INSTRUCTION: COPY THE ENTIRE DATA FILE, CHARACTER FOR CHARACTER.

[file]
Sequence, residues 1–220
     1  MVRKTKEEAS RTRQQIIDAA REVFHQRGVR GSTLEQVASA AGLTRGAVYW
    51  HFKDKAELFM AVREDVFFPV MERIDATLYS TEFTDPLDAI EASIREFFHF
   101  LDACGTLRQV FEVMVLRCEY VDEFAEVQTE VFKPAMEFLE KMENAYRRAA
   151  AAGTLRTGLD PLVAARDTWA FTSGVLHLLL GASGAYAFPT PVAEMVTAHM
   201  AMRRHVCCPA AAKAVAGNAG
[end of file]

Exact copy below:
Sequence, residues 1–220
     1  MVRKTKEEAS RTRQQIIDAA REVFHQRGVR GSTLEQVASA AGLTRGAVYW
    51  HFKDKAELFM AVREDVFFPV MERIDATLYS TEFTDPLDAI EASIREFFHF
   101  LDACGTLRQV FEVMVLRCEY VDEFAEVQTE VFKPAMEFLE KMENAYRRAA
   151  AAGTLRTGLD PLVAARDTWA FTSGVLHLLL GASGAYAFPT PVAEMVTAHM
   201  AMRRHVCCPA AAKAVAGNAG